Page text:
The national news would have you believe that Oregon voters rejected lesbian, gay, bisexual and transgender (LGBT) rights on Election Day.
Don’t believe it.
Oregon’s secretary of state race doesn’t typically warrant national headlines. But national media, reeling after blowing forecasts in the presidential election, was happy to turn attention elsewhere.
“Oregon official who shut down Christian bakery loses election” – CNN.
“Oregon official who bullied Christian bakery loses election” – Fox News.
“Oregon official who destroyed Christian bakery over gay wedding cake loses election” – The Daily Caller.
“Shut down,” “bullied,” “destroyed” – It’s fascinating how editorial slant quickly escalates.
Someone who doesn’t pay close attention to down-ballot races in the Pacific Northwest would be forgiven for believing that Oregon issued a stunning rebuke to LGBT overreach.
Indeed, that’s how Fox News reported it: “An Oregon bureaucrat who waged political jihad against the owners of a Christian bakery was given the heave-ho by voters,” their story begins.
The bakery in question entered the national zeitgeist in 2013 when the owners of Sweet Cakes by Melissa refused to make a cake for a lesbian couple’s wedding, citing religious objections. Democratic Oregon Labor Commissioner Brad Avakian ruled the bakery had violated the Oregon Equality Act and fined the owners $135,000. The bigoted bakers quickly became heroes of the Christian Right which raised more than half a million dollars for them.
The owners, not Avakian, closed the bakery in October.
It was but the highest-profile incidence of Avakian standing up for LGBT rights. In a case that received less national attention, he fined a Portland bar $400,000 for discriminating against a transgender women’s group.
This year, Avakian ran for secretary of state. He lost to Republican Dennis Richardson. It was the first time Oregon had elected a Republican to statewide office since 2002.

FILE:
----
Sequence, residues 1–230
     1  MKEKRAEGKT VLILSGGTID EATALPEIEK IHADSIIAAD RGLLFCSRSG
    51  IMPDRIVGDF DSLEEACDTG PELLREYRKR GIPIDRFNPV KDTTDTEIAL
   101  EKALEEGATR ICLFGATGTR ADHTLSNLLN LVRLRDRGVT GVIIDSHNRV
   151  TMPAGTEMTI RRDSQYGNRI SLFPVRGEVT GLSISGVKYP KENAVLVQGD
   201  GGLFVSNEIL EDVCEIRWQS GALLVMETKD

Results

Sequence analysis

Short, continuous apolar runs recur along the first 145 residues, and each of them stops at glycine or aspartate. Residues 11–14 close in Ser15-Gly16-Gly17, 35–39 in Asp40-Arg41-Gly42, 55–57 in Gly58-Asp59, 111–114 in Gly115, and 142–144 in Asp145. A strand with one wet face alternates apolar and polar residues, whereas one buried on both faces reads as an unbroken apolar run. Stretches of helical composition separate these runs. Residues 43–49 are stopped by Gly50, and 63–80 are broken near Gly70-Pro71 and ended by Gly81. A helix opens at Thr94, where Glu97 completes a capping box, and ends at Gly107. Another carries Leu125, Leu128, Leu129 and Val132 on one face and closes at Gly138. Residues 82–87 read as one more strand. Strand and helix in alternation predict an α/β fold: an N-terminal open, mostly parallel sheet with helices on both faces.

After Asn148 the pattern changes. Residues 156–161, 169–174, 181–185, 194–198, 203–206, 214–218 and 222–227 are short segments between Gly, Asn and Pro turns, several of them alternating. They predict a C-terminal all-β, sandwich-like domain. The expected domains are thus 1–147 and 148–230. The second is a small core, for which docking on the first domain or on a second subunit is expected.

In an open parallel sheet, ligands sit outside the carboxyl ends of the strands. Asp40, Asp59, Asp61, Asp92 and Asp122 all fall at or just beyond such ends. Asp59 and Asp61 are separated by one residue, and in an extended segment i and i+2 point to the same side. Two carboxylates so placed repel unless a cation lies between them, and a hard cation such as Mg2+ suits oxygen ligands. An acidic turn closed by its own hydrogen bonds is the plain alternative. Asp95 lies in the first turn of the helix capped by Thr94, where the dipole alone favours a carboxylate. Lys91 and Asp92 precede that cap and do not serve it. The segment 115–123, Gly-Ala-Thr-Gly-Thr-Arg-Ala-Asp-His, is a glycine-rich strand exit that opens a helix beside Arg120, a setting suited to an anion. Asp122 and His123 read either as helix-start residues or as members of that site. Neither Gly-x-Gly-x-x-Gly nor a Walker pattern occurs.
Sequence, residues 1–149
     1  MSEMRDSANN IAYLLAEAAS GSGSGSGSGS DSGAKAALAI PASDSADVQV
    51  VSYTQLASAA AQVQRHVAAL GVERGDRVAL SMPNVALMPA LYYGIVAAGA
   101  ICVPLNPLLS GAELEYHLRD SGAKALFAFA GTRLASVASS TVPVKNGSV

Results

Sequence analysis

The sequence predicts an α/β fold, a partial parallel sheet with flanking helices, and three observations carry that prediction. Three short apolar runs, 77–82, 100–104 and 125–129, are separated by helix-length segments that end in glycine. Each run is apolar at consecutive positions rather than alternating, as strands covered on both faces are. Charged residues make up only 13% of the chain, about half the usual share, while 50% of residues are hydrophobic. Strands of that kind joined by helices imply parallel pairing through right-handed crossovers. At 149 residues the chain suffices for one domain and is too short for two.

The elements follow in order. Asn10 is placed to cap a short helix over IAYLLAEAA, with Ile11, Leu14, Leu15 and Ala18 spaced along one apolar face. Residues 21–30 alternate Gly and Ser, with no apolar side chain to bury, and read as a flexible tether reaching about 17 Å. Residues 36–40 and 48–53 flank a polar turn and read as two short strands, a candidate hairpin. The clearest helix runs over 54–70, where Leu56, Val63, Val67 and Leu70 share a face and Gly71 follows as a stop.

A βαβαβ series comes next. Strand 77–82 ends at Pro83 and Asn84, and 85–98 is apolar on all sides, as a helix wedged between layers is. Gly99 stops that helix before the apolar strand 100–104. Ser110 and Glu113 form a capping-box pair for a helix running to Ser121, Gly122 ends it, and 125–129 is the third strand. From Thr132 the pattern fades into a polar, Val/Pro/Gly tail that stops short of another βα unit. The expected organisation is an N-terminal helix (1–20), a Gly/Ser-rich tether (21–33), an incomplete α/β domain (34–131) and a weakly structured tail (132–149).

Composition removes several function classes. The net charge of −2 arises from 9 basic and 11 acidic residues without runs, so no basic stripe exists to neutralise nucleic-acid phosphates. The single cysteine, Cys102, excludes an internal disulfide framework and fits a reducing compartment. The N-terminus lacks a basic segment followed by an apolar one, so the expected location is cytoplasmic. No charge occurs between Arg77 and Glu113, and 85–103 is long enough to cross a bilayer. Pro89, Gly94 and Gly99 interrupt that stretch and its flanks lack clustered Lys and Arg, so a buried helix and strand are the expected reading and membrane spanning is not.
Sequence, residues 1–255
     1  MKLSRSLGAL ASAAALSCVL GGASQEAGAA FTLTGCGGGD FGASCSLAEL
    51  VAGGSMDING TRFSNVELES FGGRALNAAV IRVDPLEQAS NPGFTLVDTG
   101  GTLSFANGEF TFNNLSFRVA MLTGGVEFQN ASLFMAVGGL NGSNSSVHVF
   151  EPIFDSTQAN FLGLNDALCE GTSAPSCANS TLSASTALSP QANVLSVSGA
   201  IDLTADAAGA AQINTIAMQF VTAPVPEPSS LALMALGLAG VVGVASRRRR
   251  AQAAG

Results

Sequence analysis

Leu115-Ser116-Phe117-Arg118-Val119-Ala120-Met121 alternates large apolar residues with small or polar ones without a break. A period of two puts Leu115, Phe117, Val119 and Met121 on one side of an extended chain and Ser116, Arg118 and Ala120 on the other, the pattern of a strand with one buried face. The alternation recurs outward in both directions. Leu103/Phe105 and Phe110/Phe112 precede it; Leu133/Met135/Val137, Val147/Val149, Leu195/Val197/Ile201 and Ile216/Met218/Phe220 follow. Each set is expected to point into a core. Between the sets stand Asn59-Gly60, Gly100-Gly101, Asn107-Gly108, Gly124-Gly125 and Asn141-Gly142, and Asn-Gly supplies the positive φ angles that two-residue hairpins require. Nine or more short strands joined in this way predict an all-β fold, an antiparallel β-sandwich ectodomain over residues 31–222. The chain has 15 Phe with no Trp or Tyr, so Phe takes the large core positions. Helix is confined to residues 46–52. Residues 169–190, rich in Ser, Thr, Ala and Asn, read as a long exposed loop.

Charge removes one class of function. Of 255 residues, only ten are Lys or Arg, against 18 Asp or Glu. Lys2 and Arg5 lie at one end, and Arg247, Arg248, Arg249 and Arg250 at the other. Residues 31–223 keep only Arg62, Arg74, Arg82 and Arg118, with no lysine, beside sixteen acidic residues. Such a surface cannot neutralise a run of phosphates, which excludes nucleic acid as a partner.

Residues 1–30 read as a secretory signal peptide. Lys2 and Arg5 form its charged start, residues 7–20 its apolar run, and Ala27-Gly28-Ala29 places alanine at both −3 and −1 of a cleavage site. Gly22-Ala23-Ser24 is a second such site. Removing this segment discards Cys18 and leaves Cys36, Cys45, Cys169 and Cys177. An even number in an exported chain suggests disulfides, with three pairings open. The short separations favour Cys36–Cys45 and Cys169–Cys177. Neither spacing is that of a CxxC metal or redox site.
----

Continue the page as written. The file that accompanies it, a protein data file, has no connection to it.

CNN’s erroneous assertion that Avakian closed the bakery notwithstanding, the basic facts of those headlines are true. Yet they are also negligently misleading.
During the campaign, the cake and the Portland bar were never serious issues. Rather, Avakian lost primarily because he planned to expand the secretary of state’s role beyond its constitutional authority. For example, he wanted to audit private companies and implement education programs.
As a result, even the progressive Willamette Week didn’t endorse him, writing, “The secretary of state is an administrator, who oversees elections, audits, the corporation division (which registers businesses) and the state archives. The secretary of state does not make or enforce laws and has nothing to do with civil rights.”
Richardson ran a smart campaign focused on the core responsibilities of the office, not social issues. That message resonated with Oregonians, at least more than Avakian’s.
Avakian will remain the labor commissioner for two more years. There was no “heave-ho.” He didn’t lose a re-election referendum on his job performance. Like Tim Kaine, he returns to his previous elected position. He still has the power to fine the next bakery that doesn’t want to make a cake for a same-sex couple.
“Oregon official who upheld the rights of same-sex couples remains on the job” apparently wasn’t an exciting enough headline.
With a healthy debate underway about how Google, Facebook and other portals handle fake news, it’s worth remembering that even CNN can run with a fake narrative.
Oregon voters didn’t reject LGBT rights. In fact, they endorsed them by becoming the first state to elect an openly LGBT governor.